The alto recitative is more richly orchestrated than many of Bach’s choruses: all instruments listed above are called upon. The text mentions the tolling of the bells, the sadness and terror it creates in us and the wish that it might call all of Europe to witness our grief. The funeral bells are represented by repeated notes in the flutes, a technique Bach had used previously in the moving fantasia to C 8, Oh Lord when shall I die? (vol 2, chapter 16). Each pair of instruments has its own function, the sustained dissonances of the oboes suggesting the echoes of the sepulcher, upper strings and lutes providing an Alberti-like figuration of unease or anxiety whilst the striding quavers of the gambas drive the emotion forward. All this rhythmic activity, combined with the rapid changes in the harmony, produces a movement of great dramatic power. It is just eleven bars long and yet, in order to achieve the effects Bach sought, approximately 1200 notes have been written! This requires no further comment!
The fifth movement is the first to be set in the major mode; so far the lamenting and sorrow has found voice principally in minor modes; and appropriately so. But now the time has come to move away from the theme of national mourning and to address the positive aspects of character of the deceased–how contentedly she died and how bravely she struggled as the arm of death defeated her.
In many ways this aria might be seen as the most subtle in a cantata which literally teems with delicate and ingenious moments. Certainly we are honouring the princess’s positive qualities but the sadness of death in general, and hers in particular, is not to be forgotten.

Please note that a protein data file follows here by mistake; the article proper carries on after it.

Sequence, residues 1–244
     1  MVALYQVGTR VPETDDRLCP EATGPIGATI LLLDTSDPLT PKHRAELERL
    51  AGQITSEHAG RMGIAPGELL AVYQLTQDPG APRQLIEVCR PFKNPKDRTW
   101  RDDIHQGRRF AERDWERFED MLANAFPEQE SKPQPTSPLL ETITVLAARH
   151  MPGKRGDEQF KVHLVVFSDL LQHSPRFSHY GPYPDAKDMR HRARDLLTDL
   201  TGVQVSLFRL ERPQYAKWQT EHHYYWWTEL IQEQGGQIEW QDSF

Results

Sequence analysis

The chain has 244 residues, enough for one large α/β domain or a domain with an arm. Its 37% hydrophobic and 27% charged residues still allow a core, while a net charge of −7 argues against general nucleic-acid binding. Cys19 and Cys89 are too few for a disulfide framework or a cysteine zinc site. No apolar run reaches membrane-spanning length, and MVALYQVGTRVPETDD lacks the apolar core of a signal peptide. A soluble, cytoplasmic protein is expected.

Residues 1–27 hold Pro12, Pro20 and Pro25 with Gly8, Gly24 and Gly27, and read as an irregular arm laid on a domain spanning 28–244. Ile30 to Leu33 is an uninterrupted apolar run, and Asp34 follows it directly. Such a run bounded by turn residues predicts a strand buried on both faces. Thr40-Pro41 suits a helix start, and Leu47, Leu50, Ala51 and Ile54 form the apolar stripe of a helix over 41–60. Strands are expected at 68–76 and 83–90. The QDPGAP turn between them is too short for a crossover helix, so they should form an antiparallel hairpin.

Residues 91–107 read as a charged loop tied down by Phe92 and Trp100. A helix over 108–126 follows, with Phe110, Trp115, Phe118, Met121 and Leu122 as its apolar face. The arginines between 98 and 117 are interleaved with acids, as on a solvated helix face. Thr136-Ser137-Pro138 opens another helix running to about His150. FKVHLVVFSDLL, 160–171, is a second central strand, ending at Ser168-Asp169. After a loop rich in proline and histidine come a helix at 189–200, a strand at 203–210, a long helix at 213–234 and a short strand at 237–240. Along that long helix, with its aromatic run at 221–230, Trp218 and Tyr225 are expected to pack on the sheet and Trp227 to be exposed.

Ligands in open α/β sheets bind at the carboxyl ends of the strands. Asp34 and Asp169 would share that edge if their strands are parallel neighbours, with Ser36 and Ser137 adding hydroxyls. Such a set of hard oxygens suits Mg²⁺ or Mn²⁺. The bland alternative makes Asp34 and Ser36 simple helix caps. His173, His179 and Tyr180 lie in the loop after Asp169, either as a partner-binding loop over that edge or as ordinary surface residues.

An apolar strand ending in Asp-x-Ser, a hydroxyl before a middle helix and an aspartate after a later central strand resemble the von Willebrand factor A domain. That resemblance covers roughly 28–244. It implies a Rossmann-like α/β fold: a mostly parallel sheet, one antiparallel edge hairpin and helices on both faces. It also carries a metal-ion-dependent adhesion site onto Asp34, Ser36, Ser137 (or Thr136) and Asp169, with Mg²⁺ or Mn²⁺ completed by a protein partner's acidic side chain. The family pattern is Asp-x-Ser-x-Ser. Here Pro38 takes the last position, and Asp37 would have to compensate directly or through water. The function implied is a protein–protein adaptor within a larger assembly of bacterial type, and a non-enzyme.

Bach achieves this in a number of ways. The sighing appoggiaturas from the previous movements are well in evidence. The ritornello theme plunges into tortuous minor harmonies as early as the fifth bar as, indeed does the voice in due course. There are byzantine melismas on starb—-death—-throughout the aria.
But most of all, the soundscape which Bach has chosen is rich and sonorous, yet dark and almost sinister. He may have chosen the two gambas for this reason; did his mind harken back to the Actus Tragicus which also had made effective use of the bleak tonal qualities of these instruments? Furthermore, the lutes doubling the continuo have several opportunities of extemporizing around the sustained notes of the voice and upper instruments, another tone quality which, combined with the gambas, creates an impression of traditional mourning.
This is a movement which demonstrates Bach’s great gift for conveying dissimilar, even contrasting messages simultaneously, in this case the recognition and honouring of great personal qualities and the apprehensions and sorrows of bereavement.